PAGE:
Why not simply apply fertilizer, compost or mulch to restore fertility to eroded tropical soils? We found problems with these approaches.

Does fertilizer improve the soil for tree seedlings?

Chemical fertilizer

The apparent solution to poor soils is to fertilize them, so we did several experiments using chemical fertilizers in the field and in the tree nursery.  In addition, five of the 45 plots in Bloques '93  tested the effect of fertilizer on the native timber tree Terminalia.


The fertilizer recommended by local foresters is 10-30-10, a formula high in the three nutrients--nitrogen, phosphorous, potassium, respectively--that plants need the most.  All three tend to be scarce in tropical soils before erosion and are severely limited in exposed sub-soils after erosion. 

We put 50 grams of 10-30-10  in the planting hole the first year. The second and third years we also followed foresters' recommendations and applied a more complete fertilizer ("formula completa") in three holes dug around the root zone of each seedling.

Sometimes fertilizer seemed to help early seedlings grow better, but their advantage compared to unfertilized controls was always lost by the sapling stage.  We think fertilizer stimulates the growth of weedy competitors better than the trees themselves.  Much fertilizer likely runs off in heavy rains.  The cost therefore is not worth it to the farmer.

Mulch fertilization

Although chemical fertilizer seems to have no lasting positive effect on tree seedlings, mulch compost might, especially mulch prepared from leaves with high nitrogen content, such as legumes, or mulch that decomposes relatively slowly releasing nutrients over time.

In the wet Tropics, we don’t need to compost plant matter because it changes chemically in hours due to high heat and humidity.  We tested the effect of various tree and herb mulches, using grass mulch as controls, on five species of trees.  We cut leaves from each source and standardized the amount of dry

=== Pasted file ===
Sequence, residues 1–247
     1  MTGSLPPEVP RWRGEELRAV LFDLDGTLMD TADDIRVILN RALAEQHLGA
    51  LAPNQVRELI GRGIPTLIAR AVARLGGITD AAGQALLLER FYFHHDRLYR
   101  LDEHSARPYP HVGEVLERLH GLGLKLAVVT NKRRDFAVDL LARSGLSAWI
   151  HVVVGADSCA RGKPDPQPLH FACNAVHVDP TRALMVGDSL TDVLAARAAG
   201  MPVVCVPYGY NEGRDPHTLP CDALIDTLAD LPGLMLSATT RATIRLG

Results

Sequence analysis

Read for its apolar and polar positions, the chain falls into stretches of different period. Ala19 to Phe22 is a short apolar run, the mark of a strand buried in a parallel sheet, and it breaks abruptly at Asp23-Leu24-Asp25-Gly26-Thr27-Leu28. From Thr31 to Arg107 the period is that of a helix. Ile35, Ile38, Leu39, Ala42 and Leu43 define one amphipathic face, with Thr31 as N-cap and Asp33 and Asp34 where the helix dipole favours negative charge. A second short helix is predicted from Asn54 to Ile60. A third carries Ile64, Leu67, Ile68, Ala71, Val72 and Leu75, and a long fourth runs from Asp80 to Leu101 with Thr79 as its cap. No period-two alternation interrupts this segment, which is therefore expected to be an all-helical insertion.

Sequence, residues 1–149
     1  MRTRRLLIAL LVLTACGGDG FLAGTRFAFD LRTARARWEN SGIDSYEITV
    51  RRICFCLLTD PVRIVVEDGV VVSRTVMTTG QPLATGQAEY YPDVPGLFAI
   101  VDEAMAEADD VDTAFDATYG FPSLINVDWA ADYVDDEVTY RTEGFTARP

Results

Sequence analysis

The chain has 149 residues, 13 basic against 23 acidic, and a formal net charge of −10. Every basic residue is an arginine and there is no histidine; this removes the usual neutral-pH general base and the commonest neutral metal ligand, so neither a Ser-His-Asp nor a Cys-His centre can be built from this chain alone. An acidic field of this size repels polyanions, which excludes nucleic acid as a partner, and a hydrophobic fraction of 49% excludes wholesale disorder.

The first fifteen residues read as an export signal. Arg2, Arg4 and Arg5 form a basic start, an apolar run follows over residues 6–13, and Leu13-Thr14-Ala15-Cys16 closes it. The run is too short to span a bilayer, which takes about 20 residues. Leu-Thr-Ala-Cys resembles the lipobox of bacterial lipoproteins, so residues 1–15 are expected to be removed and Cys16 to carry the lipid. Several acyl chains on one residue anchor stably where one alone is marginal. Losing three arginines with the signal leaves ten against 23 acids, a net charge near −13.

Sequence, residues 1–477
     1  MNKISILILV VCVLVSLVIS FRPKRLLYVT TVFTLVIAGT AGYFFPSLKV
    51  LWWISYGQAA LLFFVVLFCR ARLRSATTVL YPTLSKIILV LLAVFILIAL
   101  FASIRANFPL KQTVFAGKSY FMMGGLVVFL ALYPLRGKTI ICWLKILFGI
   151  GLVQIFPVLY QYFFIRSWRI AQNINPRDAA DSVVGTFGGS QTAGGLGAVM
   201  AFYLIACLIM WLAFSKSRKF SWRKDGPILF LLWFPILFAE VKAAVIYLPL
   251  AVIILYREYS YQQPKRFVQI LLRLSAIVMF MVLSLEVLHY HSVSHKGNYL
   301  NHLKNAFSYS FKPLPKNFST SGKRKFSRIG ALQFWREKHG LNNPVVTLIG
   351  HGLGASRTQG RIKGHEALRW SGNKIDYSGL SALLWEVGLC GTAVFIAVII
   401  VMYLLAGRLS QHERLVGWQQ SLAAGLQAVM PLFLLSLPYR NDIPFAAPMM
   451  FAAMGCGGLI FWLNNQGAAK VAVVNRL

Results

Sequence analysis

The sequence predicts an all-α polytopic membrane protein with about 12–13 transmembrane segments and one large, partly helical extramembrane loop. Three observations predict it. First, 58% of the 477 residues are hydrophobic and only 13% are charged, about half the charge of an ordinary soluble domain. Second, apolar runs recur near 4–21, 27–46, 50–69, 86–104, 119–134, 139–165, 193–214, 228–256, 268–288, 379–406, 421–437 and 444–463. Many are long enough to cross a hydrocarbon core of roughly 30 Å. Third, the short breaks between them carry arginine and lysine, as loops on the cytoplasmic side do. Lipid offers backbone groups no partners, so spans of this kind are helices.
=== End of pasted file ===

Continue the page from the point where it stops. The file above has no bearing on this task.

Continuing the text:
Maria seedling with Vochysia mulch a few days after application.  Note netting that holds the mulch in place.

Maria seedling with Vochysia mulch a few days after application.  Note netting that holds the mulch in place.

material applied to the seedlings. See the first two photos in the panel below, preparing mulch (left) and weighing fresh weight (second photo).  Heavy rainfall on steep slopes carried away the mulches, so we learned that we had to stake down the mulches around each seedling with netting.  Analysis suggested that one species of mulch (Vochysia) helped several of the target species.

  • Mulch decomposition: Since the effect of mulch on nutrient status of seedlings should depend partly on rate of decomposition, we measured these rates in the species used in this experiment--see third photo from the left, above.  Rates were so variable in the field that the different species of leaves did not differ statistically.
  • Vochysia leaf fall:  If Vochysia mulch does help other species, then the ability of the natural mulch from decomposing leaves to help nearby trees will depend on the rate of leaf fall from Vochysia in the field.  Therefore, we measured leaf fall by capturing leaves in nets under trees (fourth photo above).

Mulching was labor intensive since it had be cut from healthy plants, chopped, and carried to the site.  We prevented it from moving downslope away from the seedlings in heavy rains by staking down the mulch with netting, a time-consuming work that most people wouldn't be able to do on a large scale .  Therefore, we concluded that the benefit of applying mulch does not outweigh the cost in labor, especially in steep terrain. 

However, mixing tree seedlings with living plants whose leaf fall provides mulch might offer an alternative, which we .test in our experiments, 'Facilitation by Plants'.